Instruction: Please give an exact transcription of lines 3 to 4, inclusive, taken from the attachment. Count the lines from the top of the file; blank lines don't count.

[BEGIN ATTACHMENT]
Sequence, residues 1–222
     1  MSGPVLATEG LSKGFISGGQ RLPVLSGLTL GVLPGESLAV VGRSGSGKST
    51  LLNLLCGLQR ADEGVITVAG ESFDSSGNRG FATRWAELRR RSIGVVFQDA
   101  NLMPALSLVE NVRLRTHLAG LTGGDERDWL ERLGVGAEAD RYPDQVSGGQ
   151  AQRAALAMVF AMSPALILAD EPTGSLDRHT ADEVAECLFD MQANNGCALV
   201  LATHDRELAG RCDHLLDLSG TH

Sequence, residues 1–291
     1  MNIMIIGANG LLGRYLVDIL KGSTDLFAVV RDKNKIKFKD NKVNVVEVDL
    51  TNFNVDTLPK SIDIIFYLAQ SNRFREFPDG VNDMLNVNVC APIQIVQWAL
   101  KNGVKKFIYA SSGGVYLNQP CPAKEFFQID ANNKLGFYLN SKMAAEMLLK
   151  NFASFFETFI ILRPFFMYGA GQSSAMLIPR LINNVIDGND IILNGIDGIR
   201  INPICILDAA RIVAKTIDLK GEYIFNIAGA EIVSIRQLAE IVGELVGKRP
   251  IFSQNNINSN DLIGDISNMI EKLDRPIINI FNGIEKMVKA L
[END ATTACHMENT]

    51  LLNLLCGLQR ADEGVITVAG ESFDSSGNRG FATRWAELRR RSIGVVFQDA
   101  NLMPALSLVE NVRLRTHLAG LTGGDERDWL ERLGVGAEAD RYPDQVSGGQ